My back is better. The hurt is gone.
When I first started yoga, I feared for my back. I had sprained it years earlier, and sometimes it still gave me trouble.
It wasn’t long before I realized that with every pose, there really wasn’t much that didn’t involve my back. So I was cautious, and it took a lot of encouragement and a lot of baby steps before I got brave enough to progress. I was grateful for the pace and the patience of a class that allowed for this.
Soon my core got stronger which strengthened my back. Not long after, there was a photographer in the studio, and I was given a photograph of myself in a handstand with my back reflected in the mirror.
I showed this photo to my father to let him in on what I’d been spending all my time doing, and he took one look and exclaimed, You’ve got muscles in your back!
I hadn’t noticed! But once I looked closer, I saw them, too, and I felt suddenly stronger, as if I’d accomplished something big!
Today, my back is my barometer. For me, having a strong and healthy back (A) equates to having a strong and healthy spirit (B). And even though I invented this equation, I think A = B is what’s true for me.
It’s just that sometimes I get a little thrown off when my back starts to hurt. When this happens I slide back to where I was before I progressed, before I could twist and bend and all the rest. And when this old hurt shows up, others tend to join in. The old stories come back, and I suddenly can’t remember accomplishing anything big at all.
This can happen after the most wonderful times and after my best practices. Suddenly, there’s pain beneath my sacrum in a place where it’s hard for anyone to reach. It hurts to sit at work, in the house and even on my mat.
My yoga practice has its own set of A’s and B’s, but they don’t equate to each other. The B’s are always greater than the A’s, and we always add them together.
We start the practice with several Sun A’s, reaching up and folding over and moving through our vinyasas before landing in our Downward Facing Dogs. Then we move to the Sun B’s, doing the same but adding in Chair poses and Warrior I’s.
And then we rest in Down Dog for five breaths, and this is when one instructor always asks, See how the prana, or energy, has shifted after the Sun B’s? And she’s right. I can feel how fast my heart is beating and how awake I am from head to toe.
Prana is the Sanskrit word for Life Force. When we twist and bend and all the rest, our Life Force gets activated, igniting our bodies and our spirits. Prana has an equation of its own. It equals A + B. When added together, both my back and my spirit are strengthened.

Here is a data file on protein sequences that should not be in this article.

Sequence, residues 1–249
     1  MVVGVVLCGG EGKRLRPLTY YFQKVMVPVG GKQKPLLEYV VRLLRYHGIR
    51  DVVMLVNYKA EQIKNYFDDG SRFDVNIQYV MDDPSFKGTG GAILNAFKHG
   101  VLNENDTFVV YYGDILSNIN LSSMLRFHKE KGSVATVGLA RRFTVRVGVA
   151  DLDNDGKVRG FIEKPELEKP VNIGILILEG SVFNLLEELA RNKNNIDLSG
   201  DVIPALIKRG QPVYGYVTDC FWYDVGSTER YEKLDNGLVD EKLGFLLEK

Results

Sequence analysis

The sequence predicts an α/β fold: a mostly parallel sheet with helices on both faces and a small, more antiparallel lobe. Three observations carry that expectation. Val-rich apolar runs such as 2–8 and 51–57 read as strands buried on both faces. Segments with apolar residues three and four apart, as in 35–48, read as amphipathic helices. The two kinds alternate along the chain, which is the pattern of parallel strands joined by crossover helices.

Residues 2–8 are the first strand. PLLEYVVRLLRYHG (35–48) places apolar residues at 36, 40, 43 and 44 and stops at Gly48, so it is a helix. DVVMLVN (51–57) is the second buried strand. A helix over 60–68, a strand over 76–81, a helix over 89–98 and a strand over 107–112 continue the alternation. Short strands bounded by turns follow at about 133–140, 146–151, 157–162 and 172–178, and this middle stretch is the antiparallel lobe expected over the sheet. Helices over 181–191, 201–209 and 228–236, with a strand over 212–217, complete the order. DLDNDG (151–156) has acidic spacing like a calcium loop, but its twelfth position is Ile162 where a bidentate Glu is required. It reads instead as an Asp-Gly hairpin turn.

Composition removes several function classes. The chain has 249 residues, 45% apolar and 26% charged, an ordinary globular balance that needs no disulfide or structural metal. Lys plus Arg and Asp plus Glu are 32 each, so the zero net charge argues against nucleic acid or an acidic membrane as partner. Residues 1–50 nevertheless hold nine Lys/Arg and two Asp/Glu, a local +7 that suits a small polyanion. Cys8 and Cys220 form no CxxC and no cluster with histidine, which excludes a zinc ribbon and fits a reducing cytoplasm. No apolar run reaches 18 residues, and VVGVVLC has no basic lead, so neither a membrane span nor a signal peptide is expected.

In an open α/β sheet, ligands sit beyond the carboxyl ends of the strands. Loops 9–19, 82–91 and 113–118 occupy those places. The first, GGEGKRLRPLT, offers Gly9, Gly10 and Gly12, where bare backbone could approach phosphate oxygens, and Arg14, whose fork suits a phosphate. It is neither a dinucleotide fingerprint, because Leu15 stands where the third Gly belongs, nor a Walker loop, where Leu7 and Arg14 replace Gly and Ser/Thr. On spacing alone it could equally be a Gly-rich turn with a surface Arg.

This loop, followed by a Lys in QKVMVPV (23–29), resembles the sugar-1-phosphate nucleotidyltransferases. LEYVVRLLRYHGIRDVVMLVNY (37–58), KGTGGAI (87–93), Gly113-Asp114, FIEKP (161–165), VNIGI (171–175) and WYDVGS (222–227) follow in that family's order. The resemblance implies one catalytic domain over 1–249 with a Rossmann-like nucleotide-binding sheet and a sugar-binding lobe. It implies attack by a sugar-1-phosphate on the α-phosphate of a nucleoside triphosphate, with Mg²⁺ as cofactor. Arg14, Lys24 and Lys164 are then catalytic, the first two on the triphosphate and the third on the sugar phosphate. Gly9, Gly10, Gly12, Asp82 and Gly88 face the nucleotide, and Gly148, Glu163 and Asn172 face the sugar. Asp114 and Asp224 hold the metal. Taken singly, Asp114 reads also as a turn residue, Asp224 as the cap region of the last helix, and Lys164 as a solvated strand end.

So whenever I start to hurt I know my prana is in the negative. And then it really doesn’t matter the order of my equation, whether my back hurts first and so the old stories creep in, or whether the old stories appear and so my back hurts.
I remember the first few months of my practice when I was starting to feel strong. I surprised myself in wanting to ask for a class so hard that I could feel the hurt. I wanted to flow to the point where it hurt all over.
I have no idea why I was looking to hurt when I was feeling so good, and of course I couldn’t bring myself to ever ask. How would I explain when I didn’t even know the answer myself?
But it’s never necessary to ask for hurt outright. It has a way of appearing on its own, no matter what’s come before. And I do my best to ignore it, but there’s no denying its arrival. Soon it hurts to sit at work or at home or on my mat.
And it’s hard to find the salve when this happens, and I wonder how I could ever have almost asked for it. It’s like the hurt is in my skin, and I’m the one who let it in. My back hurts and I ache with all the old stories, and I know that I must find my way back to A and B, so I can add them together and get things right again.
In this effort, I continue to practice. And I book an appointment with the sports medicine doctor who’s somehow privy to the prana equation without explanation. Somehow he knows the hurt in my back is the same as the one in my spirit. So he works on me and talks to me. And I rest at home when I usually don’t.
And slowly things start to add up again. I feel strong once more, and I can sit again at work and at home and on my mat. And I am finally able to put those old stories back to bed.
The hurt is gone and it’s as if it never were. And it suddenly doesn’t matter anymore that once I almost asked for it, or that I ever even felt any at all.
All that matters now is that A and B are back together again. And so am I.